Internal audits are an important aspect of certification and are required by several provisions of the R2 Standard. Provision 1.c requires an internal audit of a facility’s conformance to each of R2’s requirements. Provision 3.a.3 requires facilities to periodically audit their compliance to all applicable laws and regulations.
In order for internal audits to be effective, they must be conducted by someone with the right competencies. The auditor must have the knowledge and experience necessary to understand the R2 Standard’s requirements, and to evaluate whether the company is meeting those requirements. An administrative person without such knowledge and experience cannot do the audit.
Facilities may find it necessary to have multiple internal auditors – each with their own area of competency. For example, an internal auditor with competency to audit to R2’s requirements may not have the competency to audit the health & safety requirements of RIOS or OHSAS 18001. Likewise, an R2 or EH&S auditor may not have the knowledge to effectively audit data security requirements.
An effective internal audit can help avoid non-conformances with requirements of the R2 Standard that may result in suspension or revocation of your certification(s). Utilizing a competent internal auditor also can minimize the risk of violations and monetary penalties from regulatory authorities.
Competency of the auditor can be achieved through training, hands on experience, and ongoing education. SERI recommends that R2 internal auditors take SERI’s Advanced R2 training webinar and exam. This is a detailed, 5-hour review of all R2 requirements. SERI also recommends that an internal auditor complete a training course on the fundamentals of auditing.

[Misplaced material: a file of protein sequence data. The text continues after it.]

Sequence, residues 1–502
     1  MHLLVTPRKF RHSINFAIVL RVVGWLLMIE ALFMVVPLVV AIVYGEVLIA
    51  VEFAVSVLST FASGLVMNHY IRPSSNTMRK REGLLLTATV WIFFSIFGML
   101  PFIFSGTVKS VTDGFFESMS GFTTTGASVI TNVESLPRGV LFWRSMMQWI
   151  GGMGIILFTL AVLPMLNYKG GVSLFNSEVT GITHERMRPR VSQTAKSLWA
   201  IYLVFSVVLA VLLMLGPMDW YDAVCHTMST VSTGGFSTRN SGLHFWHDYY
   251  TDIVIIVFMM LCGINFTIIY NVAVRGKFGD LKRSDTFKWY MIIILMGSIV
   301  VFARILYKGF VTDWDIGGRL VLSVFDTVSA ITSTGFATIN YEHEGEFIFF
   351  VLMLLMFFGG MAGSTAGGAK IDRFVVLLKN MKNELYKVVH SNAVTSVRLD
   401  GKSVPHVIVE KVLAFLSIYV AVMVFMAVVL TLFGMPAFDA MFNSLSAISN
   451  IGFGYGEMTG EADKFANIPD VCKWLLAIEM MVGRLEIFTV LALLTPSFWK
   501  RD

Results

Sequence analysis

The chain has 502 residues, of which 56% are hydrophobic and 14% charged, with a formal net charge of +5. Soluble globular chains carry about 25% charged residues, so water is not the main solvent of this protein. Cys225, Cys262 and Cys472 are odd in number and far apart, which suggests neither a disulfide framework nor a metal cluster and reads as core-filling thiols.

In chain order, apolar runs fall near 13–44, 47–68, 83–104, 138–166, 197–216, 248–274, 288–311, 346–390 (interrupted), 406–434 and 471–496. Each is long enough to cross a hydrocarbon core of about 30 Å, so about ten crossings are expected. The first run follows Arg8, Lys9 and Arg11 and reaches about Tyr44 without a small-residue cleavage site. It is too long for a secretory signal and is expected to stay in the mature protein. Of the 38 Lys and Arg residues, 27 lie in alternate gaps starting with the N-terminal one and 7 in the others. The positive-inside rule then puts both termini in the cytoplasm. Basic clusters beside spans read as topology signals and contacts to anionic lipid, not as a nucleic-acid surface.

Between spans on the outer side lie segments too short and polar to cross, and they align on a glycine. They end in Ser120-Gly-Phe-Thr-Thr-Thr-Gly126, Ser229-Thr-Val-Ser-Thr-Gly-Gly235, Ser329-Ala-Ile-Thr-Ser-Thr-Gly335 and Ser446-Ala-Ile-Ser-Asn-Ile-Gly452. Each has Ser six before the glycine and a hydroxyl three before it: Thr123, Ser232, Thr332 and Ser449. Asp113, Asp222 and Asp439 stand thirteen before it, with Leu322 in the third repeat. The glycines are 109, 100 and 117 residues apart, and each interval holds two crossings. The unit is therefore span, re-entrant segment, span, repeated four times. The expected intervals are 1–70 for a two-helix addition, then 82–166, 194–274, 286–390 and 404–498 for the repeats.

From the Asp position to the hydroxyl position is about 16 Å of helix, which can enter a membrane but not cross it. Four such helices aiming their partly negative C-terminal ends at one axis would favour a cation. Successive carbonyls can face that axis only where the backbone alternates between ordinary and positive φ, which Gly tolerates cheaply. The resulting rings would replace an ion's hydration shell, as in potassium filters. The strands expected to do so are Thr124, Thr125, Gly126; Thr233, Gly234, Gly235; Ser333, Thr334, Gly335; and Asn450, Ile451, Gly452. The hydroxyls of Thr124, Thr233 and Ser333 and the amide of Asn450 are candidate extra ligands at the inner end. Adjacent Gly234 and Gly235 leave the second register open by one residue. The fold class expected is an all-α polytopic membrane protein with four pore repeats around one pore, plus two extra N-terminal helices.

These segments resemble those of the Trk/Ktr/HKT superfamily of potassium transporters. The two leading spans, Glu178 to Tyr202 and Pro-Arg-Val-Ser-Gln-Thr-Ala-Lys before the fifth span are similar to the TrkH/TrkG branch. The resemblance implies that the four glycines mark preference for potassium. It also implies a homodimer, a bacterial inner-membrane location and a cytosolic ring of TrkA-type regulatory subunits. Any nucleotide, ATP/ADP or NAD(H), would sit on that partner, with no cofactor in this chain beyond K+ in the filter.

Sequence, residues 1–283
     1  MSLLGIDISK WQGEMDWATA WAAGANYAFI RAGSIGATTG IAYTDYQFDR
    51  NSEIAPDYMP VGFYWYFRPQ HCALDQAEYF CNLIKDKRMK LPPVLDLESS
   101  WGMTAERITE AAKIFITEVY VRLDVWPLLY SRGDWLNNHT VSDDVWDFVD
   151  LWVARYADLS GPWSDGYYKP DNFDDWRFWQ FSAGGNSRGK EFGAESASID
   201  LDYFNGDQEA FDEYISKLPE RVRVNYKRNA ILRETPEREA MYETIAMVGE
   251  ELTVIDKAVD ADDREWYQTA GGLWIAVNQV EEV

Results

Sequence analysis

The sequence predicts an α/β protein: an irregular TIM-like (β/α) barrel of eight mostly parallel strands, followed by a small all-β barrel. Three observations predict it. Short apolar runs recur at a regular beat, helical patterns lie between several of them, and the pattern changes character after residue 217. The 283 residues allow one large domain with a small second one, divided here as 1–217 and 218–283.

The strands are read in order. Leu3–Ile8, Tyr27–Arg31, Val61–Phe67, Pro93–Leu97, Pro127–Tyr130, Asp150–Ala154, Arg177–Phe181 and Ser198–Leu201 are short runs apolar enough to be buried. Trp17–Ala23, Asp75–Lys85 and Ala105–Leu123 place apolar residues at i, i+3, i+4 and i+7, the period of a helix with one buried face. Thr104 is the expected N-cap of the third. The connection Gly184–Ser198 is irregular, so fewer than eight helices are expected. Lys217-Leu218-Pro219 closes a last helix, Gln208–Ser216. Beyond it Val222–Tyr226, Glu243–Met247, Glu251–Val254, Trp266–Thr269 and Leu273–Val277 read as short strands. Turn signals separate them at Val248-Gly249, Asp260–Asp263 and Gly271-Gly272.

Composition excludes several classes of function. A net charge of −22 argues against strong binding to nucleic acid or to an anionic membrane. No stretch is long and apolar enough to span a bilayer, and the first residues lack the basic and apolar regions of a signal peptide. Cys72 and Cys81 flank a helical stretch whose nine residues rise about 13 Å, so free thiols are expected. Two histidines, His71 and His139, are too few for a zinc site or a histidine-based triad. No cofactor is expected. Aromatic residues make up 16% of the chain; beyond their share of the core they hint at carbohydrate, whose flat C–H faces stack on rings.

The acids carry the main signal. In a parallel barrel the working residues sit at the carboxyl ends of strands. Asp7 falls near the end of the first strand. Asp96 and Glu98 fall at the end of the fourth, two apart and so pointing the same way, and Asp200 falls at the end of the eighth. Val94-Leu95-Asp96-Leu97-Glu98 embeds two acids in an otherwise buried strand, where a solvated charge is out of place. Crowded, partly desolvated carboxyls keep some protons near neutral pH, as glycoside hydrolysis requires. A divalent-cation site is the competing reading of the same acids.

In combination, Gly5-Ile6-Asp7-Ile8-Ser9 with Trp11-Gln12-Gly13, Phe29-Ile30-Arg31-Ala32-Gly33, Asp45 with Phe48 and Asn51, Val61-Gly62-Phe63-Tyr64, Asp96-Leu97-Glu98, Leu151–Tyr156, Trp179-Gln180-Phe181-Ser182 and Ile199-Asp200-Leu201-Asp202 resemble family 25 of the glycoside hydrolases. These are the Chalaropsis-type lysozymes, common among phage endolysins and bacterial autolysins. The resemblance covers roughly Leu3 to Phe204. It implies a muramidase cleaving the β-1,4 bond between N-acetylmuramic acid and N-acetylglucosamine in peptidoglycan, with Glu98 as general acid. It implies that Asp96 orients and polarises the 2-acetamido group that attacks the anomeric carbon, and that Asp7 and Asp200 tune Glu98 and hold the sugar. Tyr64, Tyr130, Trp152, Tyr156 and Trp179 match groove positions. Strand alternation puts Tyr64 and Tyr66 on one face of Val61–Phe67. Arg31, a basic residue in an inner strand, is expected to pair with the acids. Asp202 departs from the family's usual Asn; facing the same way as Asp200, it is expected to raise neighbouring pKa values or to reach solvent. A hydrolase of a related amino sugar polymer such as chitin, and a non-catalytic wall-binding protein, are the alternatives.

The knowledge base for an internal EH&S compliance auditor is different than that of an internal R2 auditor. An EH&S auditor is expected to be knowledgeable in areas such as storm water management regulations, air quality, respiratory protection, noise, powered industrial trucks, etc. In the United States, formal OSHA training can provide a good start for compliance auditors. Internal EH&S compliance auditors will also benefit from a basic course on the fundamentals of auditing.
The required competency for an internal auditor will vary from organization to organization, depending on the complexity of the organization’s scope and legal requirements. When determining who will be conducting internal audits, it is helpful to create a matrix of the requirements, including various regulations applicable to the organization, and determine who has the qualifications to audit each area. It may be that a single person within your organization is qualified to audit all areas, or it may be that multiple auditors (either internal or external) with different areas of expertise are needed.
The bottom line: you must be able to demonstrate to your Certifying Body auditor that your internal auditor(s) understands how the requirements of R2 and EH&S Standard(s) apply to your specific operation, and is able to identify any non-conformances that may exist.